April 9, 2013

Different Category of Ethernet Cable

The EIA/TIA (Electronic Industries Association and the newer Telecommunications Industry Alliance) is the standards body that creates the Physical layer specifications for Ethernet. Each Ethernet cable type that is specified by the EIA/TIA has inherent attenuation, which is defined as the loss of signal strength as it travels the length of a cable and is measured in decibels (dB). The cabling used in corporate and home markets is measured in categories. A higher quality cable will have a higher-rated category and lower attenuation.

Category of Ethernet Cable
There are following categories of Ethernet Cable available based on the their quality.

Category 3:
It is commanly known as Cat 3 or Station Wire. It is used for voice cabling and 10 Mbps Ethernet with a possible bandwidth of 16MHz. Cat 3 is used in Telephone Wiring. It is used earlier in Computer Networking for 10BaseT Ethernet, Token Ring or ATM 25 Network.

Category 4:
It is also used in Telephone Network to transmit voice and date at 16 Mbit/s. It is used in Computer Networking for some Token Ring, 10BaseT and 100BaseT4 Ethernet.

Category 5:
It is currently an outdated standard that provides support for up to 100Mhz operation. It can be used for 10/100 Ethernet without worry, however for longer runs of 1000 Mbps it is recommended to use Cat 5e or higher. It is suitable for  10BaseT, 100BaseTX(Fast Ethernet) and 1000BaseT \(Gigabit Ethernet).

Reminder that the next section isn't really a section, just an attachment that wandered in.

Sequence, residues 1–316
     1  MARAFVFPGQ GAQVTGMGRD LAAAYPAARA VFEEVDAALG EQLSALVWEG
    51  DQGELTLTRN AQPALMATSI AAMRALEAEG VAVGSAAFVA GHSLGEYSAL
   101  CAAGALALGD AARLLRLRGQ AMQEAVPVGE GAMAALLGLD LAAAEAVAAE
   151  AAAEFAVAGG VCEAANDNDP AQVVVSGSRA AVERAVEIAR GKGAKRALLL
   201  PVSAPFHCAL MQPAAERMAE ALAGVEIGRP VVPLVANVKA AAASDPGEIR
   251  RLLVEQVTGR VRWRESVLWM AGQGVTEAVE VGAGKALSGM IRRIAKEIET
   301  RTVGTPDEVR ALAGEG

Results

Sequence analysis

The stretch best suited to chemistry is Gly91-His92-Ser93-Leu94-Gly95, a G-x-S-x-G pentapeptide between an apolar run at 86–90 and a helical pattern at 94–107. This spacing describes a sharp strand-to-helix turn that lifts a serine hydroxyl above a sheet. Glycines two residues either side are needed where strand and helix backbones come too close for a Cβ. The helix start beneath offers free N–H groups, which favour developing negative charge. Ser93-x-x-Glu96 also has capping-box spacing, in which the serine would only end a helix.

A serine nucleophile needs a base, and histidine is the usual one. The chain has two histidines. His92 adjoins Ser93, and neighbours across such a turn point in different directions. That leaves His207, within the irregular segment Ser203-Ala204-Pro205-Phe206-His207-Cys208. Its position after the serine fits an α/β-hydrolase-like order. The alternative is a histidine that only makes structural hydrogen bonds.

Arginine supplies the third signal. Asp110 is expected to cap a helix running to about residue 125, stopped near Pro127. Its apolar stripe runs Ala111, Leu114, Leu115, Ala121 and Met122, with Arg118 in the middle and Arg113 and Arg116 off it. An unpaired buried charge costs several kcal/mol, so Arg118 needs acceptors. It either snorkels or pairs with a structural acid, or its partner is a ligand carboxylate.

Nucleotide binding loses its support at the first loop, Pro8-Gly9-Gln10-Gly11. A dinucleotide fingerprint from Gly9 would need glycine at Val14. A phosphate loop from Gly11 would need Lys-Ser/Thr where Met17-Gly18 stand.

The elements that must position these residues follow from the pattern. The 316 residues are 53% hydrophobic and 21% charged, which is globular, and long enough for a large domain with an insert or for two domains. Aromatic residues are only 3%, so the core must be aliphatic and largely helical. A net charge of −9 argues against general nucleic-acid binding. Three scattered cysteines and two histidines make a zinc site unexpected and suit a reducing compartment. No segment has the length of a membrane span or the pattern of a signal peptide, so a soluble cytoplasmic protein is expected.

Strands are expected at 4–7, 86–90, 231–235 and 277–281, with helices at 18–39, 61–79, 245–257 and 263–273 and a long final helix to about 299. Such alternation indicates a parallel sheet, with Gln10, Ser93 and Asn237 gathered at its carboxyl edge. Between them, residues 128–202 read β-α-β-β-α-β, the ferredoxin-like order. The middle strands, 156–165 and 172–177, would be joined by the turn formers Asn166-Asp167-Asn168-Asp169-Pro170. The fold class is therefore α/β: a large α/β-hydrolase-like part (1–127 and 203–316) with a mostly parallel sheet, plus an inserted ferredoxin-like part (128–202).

Category 5e:
It is an enhanced version Cat 5 cabling that helps to prevent cross-talk. Category 5e cable provides support for frequencies up to 100Mhz. Cat 5e generally provides the best price for performance, however for future proofing Cat 6 or higher might be a better choice as it usually does not cost much more.

Category 6:
Like Cat 5e but with larger gauge wires, works for 10/100/1000 Mbps. This cable is better than Cat 5e for Gigabit Ethernet. Compared with Cat 5 and Cat 5e, Cat 6 features more stringent specifications for crosstalk and system noise. The cable standard provides performance of up to 250 MHz and is suitable for 10BaseT, 100BaseTX (Fast Ethernet), 1000BaseT/1000BaseTX (Gigabit Ethernet) and 10GBaseT (10-Gigabit Ethernet).

  • If Cat 6 rated patch cables, jacks and connectors are not used with Cat 6 wiring, overall performance is degraded to that of the cable or connector.
  • When used for 10/100/1000BaseT, the maximum allowed length of a Cat 6 cable is 100 meters or 328 feet.
  • When used for 10GBaseT, Cat 6 cable's maximum length is 55 meters (180 ft) in a favourable alien crosstalk environment, but only 37 meters (121 ft) in a hostile alien crosstalk environment.
Category 6a:
Category 6a (or Augmented Category 6) worked at frequencies up to 500 MHz twice that of Cat 6. Category 6a performs at improved specifications, in particular in the area of alien crosstalk as compared to Cat 6 UTP (unshielded twisted pair), which exhibited high alien noise in high frequencies. When used for 10GBaseT, the maximum allowed length of Cat 6a cable is 100 meters ( or 330 feet) without electronic testing.

Category 7:
Category 7 is the informal name for Class F cabling defined by a different standards body than Cat 6a and lower. It supports frequencies up to 600Mhz and may support the upcoming 100Gbps standard. It is fully shielded cable.

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